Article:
3. Empower The Team To Make Decisions
It’s extremely ineffective for you to make every single decision for your team. Empower your team to make good decisions and run with them.
It’s a no risk situation. If you’re able to achieve that open-line of communication, you should be well-informed on what is going on and will have time to correct a less than perfect decision before it goes too far down the wrong path.
In fact, it’s risky to NOT empower your team. Employees like having control and input over their day to day work.
They are closer to the work and may have great suggestions on what should be done. Combined with your input on what is going on with the department or broader organizational goals, they will be well-suited to make a good decision.
Employees want to feel that you trust them and value their input.
If you’re not asking daily, “What do you think should be done?” then you’re not empowering the team enough.
Empowering the team will take items off your plate while encouraging them to be their best.
You will of course be making important team decisions at a management level, but it’s important for them to have a say as well.
Remember, the team doesn’t work for you. You work for them!
4. Implement a Mentoring Program
If you manage a large team, you will likely have employees at different levels. It’s extremely time-consuming to get the new or more junior employees up to speed when you are juggling a million things at once.
I’ve found that implementing a mentoring program does wonders in getting those new associates ready to go.
The most successful mentoring program shifts the responsibility of getting the new hire up to speed on the mentor. While you can set up formal training for the mentee, the best training happens when the mentee is working side by side with the mentor.
This can be a drain on the mentor’s time so it’s important for the mentor to see the benefits of getting a new person up to speed.
- It will result in less work for them long term when they can start to shift some of their work on to the mentee.
- It also gives more senior employees a chance to take on a leadership or team lead role, which eventually might lead to a management position.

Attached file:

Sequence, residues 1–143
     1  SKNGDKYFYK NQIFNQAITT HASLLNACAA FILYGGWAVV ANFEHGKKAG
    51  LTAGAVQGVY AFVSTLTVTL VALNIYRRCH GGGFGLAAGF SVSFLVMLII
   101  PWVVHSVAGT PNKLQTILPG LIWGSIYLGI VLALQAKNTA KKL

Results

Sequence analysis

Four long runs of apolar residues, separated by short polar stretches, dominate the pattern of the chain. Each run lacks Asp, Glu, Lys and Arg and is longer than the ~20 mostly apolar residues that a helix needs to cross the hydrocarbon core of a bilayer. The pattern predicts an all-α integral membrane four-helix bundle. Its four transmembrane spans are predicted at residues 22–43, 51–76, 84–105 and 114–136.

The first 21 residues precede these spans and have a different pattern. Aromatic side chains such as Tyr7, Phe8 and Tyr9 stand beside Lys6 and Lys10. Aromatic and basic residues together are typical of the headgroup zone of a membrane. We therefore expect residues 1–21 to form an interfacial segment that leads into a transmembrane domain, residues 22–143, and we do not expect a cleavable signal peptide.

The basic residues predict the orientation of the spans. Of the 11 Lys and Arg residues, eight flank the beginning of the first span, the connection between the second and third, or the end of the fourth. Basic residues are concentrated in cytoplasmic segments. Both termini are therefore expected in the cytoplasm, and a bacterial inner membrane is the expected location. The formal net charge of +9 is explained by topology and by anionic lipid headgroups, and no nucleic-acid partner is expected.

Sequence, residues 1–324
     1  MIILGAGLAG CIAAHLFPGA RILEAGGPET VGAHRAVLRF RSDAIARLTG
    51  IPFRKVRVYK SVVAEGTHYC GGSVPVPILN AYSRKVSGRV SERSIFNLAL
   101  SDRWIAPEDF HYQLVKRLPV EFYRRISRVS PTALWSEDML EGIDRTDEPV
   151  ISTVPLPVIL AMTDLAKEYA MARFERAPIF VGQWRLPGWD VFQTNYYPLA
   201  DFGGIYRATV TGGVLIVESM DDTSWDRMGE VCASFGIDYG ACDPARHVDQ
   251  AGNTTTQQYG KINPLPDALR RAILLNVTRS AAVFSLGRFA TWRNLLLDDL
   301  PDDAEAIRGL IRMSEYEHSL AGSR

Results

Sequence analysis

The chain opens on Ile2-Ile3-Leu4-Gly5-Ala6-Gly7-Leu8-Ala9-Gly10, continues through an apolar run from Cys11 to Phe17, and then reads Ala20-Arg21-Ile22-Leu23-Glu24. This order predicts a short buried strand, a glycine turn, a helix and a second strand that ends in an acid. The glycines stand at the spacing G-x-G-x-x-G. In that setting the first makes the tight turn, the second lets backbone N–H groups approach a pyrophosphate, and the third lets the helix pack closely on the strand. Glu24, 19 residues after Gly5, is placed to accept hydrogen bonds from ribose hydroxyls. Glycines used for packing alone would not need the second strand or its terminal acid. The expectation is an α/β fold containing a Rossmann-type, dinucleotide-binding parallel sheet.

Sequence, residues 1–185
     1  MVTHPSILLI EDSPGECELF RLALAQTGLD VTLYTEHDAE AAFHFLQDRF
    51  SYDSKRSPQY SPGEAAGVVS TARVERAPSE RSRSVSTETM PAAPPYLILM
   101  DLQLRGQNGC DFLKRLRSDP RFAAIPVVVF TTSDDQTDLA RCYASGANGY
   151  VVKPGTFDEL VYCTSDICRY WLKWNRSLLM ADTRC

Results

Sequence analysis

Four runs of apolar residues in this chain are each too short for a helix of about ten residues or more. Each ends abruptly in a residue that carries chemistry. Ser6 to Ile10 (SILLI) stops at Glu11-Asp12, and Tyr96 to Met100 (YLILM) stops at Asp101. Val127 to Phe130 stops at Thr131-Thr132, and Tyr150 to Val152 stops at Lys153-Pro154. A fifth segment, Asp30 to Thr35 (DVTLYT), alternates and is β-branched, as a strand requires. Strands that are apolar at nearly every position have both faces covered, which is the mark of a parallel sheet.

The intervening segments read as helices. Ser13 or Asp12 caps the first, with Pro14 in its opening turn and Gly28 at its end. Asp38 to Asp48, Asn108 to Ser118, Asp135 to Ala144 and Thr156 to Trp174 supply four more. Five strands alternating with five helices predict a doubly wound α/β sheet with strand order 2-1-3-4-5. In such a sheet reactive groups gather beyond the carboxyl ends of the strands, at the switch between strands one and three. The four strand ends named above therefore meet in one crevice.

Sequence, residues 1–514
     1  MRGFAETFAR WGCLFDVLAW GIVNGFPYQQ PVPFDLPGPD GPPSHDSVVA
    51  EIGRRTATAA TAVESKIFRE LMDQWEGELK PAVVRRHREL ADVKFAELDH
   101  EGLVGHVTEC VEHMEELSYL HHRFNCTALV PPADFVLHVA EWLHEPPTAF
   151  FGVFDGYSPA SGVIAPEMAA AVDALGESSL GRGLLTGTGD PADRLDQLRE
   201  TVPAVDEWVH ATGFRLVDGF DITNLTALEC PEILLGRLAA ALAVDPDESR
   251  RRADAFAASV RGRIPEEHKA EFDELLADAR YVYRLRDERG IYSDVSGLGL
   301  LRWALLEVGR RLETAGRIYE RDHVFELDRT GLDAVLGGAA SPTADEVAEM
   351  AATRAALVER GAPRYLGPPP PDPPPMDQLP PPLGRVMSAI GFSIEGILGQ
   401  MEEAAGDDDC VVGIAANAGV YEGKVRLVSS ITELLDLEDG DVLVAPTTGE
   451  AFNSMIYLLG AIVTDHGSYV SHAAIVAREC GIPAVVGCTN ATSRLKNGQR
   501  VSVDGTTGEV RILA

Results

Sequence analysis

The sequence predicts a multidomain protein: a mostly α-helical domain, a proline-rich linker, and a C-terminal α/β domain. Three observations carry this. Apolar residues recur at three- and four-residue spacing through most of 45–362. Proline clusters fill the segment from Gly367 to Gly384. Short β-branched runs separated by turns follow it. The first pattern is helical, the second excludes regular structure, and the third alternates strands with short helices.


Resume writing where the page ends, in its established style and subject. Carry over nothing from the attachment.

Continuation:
The best mentors give feedback to their mentees which helps make the team better.
It’s almost as if the mentors are “managing” the mentees, effectively reducing the size of your team. It’s important to still meet with the mentees regularly but having someone else watching their progress helps with your workload.
Now, it’s important that the mentees feel like they are a partner to the mentor and not a subordinate but if you have good mentors, that issue will not come up.
5. Resource Effectively
The last tip to successfully manage a large team is to resource effectively. In my experience, it’s important to balance developing subject matter experts with rotating people around to different areas.
Many managers resource their team on the same type of tasks all the time. While this approach helps develop expertise, it also confines resourcing later on when the manager has no one who knows how to do that specific task when the person is out sick, on vacation, or leaves the company.
Even worse, if the business need changes, a manager may not have enough employees with a specific set of knowledge to meet that new demand.
Rotating your employees around to different tasks helps keep a well-rounded team but also helps your employees learn new skills. Becoming bored in the role could make someone want to leave. Retain your talent by giving them growth opportunities and stretch assignments in new areas.
Although, you don’t want to rotate too quickly so that the employees never really learn a position or feel stressed that they are constantly in catch up mode. A good rule of thumb is to rotate assignments every 6 months or so to keep things interesting.
Some employees may require more or less time before moving on.
There is never a one-size fits all approach when it comes to managing your direct reports.
Readers, what advice do you have for managing a large team? Do these tips resonate with you?